Here are some other interesting species of living things that we are hoping to see (make sure you click on the videos):

Common Seahorse
 Above is a clip of the Common Seahorse underwater - we hope to do some diving and snorkelling and see sights such as these!

Southern Giant Clam (see the video of it directly below)

 Above is a great video clip of a Southern Giant Clam... Wow!

Above is a video of a Thresher Shark close up... YIKES!- note the long tail that he uses to stun his victim!
Huge Whale Shark feeding - incredible footage from

Campbell Albatross in flight

Campbell Albatross chick begging for food from parent

Acropora florida on coral reef

Albacore Tuna on our fishing lure!  Mmmmmm... Ahi!!

Bigeye Tuna alive and well and heading for our hook!!

Blainville's Beaked Whale breaching
Bigeye Tuna after they found our hooks!!  More Ahi!!

Blainville's Beaked Whale surfacing

Brown Booby in flight

Coconut Crab on palm trunk

Audubon's Shearwater


Tuesday, March 8, 2011

Sing a Song on Terrwyn

Lately we've been thinking/researching/learning all about the music we will be playing while on our voyage.  I have been concentrating on learning how to play the classical guitar... with Bill as my very talented teacher.  It's coming along, but I really have to do a lot of practising to ever hope to become even close to where Bill is... oh well, must persevere!  We will be taking one of our guitars on Terrwyn so I'll have lots of time to practise (those 4 hour watches can really drag without something to do).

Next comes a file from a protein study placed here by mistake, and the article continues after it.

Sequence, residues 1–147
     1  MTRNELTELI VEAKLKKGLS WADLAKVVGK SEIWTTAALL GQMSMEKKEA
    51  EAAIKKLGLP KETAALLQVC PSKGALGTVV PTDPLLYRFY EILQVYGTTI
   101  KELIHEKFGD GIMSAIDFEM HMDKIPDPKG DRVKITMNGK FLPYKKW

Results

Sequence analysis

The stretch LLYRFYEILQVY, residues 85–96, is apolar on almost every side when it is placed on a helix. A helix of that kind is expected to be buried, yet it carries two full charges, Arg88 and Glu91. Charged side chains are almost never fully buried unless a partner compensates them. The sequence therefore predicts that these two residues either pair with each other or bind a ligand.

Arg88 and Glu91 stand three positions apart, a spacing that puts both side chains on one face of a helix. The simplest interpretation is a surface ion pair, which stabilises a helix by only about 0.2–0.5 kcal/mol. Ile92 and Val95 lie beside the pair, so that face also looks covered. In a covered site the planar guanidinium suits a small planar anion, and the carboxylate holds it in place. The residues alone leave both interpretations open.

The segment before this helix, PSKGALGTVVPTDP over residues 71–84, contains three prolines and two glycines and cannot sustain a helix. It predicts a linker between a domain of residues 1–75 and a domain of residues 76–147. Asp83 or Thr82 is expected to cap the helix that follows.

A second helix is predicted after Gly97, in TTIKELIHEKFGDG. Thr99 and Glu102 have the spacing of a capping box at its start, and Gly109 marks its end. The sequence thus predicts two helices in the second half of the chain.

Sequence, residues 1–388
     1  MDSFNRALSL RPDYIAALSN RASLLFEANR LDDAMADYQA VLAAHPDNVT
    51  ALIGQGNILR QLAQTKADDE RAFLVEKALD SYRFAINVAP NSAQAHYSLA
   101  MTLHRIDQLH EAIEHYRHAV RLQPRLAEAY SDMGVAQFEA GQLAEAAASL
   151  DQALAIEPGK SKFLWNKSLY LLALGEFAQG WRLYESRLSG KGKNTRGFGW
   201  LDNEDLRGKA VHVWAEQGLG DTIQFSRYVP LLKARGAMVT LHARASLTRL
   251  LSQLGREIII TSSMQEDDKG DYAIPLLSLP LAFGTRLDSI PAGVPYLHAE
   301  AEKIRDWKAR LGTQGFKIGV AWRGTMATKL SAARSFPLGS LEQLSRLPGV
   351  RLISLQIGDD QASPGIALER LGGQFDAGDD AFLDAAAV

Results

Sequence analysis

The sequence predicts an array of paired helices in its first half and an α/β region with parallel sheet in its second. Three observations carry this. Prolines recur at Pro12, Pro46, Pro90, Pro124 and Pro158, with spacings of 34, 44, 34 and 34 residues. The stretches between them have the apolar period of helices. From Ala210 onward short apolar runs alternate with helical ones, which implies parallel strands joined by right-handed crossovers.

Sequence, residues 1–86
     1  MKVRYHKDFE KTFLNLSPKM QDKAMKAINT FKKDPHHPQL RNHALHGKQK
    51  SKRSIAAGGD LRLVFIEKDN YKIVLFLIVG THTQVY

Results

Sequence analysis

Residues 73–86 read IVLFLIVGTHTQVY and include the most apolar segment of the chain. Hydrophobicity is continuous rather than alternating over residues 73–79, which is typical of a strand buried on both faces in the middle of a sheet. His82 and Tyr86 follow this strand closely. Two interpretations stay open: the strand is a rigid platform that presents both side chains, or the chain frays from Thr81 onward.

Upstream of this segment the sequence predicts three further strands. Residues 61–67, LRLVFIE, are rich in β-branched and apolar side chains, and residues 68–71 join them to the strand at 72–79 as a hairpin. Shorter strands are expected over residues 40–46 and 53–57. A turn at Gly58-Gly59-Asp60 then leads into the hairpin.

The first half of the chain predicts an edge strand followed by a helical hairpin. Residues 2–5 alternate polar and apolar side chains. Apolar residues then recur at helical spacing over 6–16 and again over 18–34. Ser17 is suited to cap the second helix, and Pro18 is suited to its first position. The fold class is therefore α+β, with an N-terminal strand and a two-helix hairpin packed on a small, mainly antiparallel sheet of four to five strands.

Bill, on the other hand, has become very interested (read obsessed) with ukuleles...

and since Hawaii is the home of ukeleles...

and Hawaii is in the South Pacific where we are heading (although we will be skipping Hawaii)... then it makes sense that we need to learn how to play the ukulele and serenade all of the locals in French Polynesia, Cook Islands and Tonga!

Interesting info from Wikipedia about ukuleles:
 The name roughly translates as "jumping flea",[4] perhaps due to the action of one's fingers playing the ukulele resembling a "jumping flea". According to Queen Lili'uokalani, the last Hawaiian monarch, the name means “the gift that came here”, from the Hawaiian words uku (gift or reward) and lele (to come). Developed in the 1880s, the ukulele is based on two small guitar-like instruments of Portuguese origin, the cavaquinho and the rajão, introduced to the Hawaiian Islands by Portuguese immigrants from Madeira and Cape Verde.[5]

A great place to go to if you want to learn about ukuleles is at Ukulele Hunt.  This website has everything you would ever want to know about the ukulele instrument, tabs, chords, rhythm and strumming etc. etc. and it even includes a ukulele blog.
Bill has ordered a beautiful new ukulele (correctly pronounced oo-koo-lay-lee) from the famous Kamaka factory which has a very interesting history in its own right...

 We are now continually searching for wonderful ukulele music and, of course, love listening to the King of Ukelele,

Iz (Israel) Kamakawiwo'ole-  try to say that quickly even once! 
Iz (Israel) Kamakawiwo'ole
 He died very young in 1997 at the age of 38 but his rendition of "Over the Rainbow" lives on and is unforgetable and very inspiring...

I am hoping to learn the words and music to this version so that I can sing along while Bill plays it on his beautiful new ukulele! 

Somewhere over the rainbow... or over the horizon...
See you when we see you!

Singing and Playing Ukulele Co-caps Catherine and William
SV Terrwyn